The recent furore over the publication by a reputable medical ethics journal of an article arguing that infanticide should be permitted because there is no moral difference between an embryo and a newborn, and the other fuss about the discovery that women in the UK are regularly given abortions on the NHS simply because they don’t like the gender of the child (“gendercide“), have caused a certain amount of consternation in the minds of the British public.
If we are on a slippery slope to barbarism, it started earlier than the 1967 Abortion Act. It can be traced back at least to the 14th-century Oxford philosopher William of Ockham, and to other nominalist and voluntarist philosophers of the Middle Ages. Abortion is a social justice issue, and a moral issue, but more than that, it is an ontological and epistemological one. What is a “person”, and what is a “right”? Modern dilemmas over abortion stem from the widespread assumption – derived from these philosophers – that the word “person” is merely a label that we choose to apply to some group of individuals we choose to relate to as equals. It does not, that is, have a deeper significance, as referring to some “essence” that all human beings have in common (something, let us say, in the Mind of God; or something objectively present in all members of that group). Which means, of course, that we can absolve ourselves from murder by refusing to attach the label to anyone we have reason to kill. Thus, the authors of the article in the Journal of Medical Ethics justify what they call “after-birth abortion”on the grounds that a “person” can be defined as “an individual who is capable of attributing to her own existence some (at least) basic value such that being deprived of this existence represents a loss to her.” A newborn, the argument goes, since it lacks the conscious sense of the value of its own life, is only a “potential person” and can be “aborted” on any number of medical grounds, or no doubt merely for the sake of convenience. Now, no doubt certain kinds of value (to society, for example) accrue to an infant as it grows and as it develops relationships and skills, not to mention self-awareness. But on the more traditional view, all such values are added to a kind of “baseline” which in the case of human beings is infinite or unquantifiable. This basic value belongs to human beings as such, whether they are conscious of being so or not. And a human being has a life that begins with conception, when it becomes genetically distinct from its parent. The issue of rights is even more complicated. As I wrote in my booklet on Catholic social teaching,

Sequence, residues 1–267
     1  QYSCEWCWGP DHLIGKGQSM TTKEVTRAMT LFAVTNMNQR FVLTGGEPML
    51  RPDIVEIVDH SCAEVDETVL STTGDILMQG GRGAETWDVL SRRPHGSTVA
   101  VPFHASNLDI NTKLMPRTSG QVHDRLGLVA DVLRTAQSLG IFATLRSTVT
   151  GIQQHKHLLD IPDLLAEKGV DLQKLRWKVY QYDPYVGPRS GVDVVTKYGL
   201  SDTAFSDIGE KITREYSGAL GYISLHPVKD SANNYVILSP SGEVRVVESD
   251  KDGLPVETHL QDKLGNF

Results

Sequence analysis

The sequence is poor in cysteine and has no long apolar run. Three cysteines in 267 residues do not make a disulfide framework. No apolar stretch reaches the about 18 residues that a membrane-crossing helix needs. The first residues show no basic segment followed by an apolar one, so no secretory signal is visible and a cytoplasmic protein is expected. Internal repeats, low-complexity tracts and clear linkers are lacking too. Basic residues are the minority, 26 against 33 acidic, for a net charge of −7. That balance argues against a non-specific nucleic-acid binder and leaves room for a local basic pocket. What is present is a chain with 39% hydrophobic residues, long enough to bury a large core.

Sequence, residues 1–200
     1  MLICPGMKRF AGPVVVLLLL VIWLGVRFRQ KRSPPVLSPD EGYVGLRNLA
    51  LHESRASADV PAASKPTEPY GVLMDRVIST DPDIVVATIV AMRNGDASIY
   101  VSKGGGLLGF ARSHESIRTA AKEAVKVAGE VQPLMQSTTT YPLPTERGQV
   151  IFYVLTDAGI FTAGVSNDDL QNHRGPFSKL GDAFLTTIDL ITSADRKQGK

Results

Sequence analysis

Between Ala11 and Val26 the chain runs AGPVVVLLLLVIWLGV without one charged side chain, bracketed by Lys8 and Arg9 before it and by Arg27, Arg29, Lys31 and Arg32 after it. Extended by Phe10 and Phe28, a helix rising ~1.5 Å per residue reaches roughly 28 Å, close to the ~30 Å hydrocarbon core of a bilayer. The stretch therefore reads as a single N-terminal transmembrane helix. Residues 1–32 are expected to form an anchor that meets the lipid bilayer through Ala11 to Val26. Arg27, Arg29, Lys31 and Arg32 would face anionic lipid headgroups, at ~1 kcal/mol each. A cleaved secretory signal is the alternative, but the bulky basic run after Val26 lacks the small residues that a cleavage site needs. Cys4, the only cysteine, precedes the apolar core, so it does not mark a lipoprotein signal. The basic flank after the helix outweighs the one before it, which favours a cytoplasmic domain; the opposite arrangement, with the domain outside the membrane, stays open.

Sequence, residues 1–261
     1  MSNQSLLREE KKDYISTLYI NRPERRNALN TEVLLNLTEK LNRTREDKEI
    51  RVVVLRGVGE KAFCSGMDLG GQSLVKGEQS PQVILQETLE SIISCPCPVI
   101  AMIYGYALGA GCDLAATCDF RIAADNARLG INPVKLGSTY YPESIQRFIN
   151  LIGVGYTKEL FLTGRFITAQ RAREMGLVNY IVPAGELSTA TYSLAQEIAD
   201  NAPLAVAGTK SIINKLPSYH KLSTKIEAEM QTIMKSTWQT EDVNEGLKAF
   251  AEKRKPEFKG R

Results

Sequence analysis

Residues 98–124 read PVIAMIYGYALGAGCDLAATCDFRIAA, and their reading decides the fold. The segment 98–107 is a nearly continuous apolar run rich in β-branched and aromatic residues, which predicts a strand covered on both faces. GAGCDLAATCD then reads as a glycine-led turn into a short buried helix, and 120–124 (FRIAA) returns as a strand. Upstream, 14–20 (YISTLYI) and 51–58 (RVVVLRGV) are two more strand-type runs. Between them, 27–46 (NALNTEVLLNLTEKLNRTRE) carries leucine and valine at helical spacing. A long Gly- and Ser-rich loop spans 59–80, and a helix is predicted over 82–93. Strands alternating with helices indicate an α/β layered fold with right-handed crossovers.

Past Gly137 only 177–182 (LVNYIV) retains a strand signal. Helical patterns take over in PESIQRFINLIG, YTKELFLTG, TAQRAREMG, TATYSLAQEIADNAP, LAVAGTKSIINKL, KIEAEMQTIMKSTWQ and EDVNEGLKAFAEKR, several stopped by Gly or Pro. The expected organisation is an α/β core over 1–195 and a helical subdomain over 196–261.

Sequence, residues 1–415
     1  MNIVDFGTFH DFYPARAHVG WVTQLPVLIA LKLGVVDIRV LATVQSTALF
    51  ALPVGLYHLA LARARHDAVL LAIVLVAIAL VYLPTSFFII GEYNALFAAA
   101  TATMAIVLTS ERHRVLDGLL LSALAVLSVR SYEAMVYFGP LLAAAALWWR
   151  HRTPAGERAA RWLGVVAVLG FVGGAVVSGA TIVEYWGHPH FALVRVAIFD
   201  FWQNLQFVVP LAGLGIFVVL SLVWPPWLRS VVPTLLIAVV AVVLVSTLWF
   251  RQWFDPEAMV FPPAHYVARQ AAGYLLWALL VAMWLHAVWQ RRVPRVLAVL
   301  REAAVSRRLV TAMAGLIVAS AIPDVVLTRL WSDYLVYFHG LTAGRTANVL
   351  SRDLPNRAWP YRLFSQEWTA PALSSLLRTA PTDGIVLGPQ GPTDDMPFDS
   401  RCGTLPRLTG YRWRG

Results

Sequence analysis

According to Christianity, responsibilities are in a sense more basic than both rights and duties. I have a responsibility to do what I was created to do: to live, to love, and to seek God. I have a responsibility to help others to do what they were created to do. And others have a responsibility to help me in a similar way. From these simple facts it follows that every person has a right to life, and in addition to this a right to education, to freedom, to worship, to make a family, to own property, to be educated, to receive a just wage (that is, one sufficient to support a family) – and all the other legitimate rights that the Church has defined.But according to the purely secular view of life, no one was “created” to do anything. My existence does not impose a moral responsibility on anyone else. Rights are negotiated through political and social structures, or else held by longstanding tradition (provided no one objects to them too strongly). No wonder that they can disconcertingly grow, shift, and mutate at a time when political and social structures (and cultural traditions) themselves have lost their stability. So really the question of rights comes down, like the specific question of the value of a human life, to whether God exists or not.
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Published here by the gracious permission of the author, this post originally appeared in The Economy Project.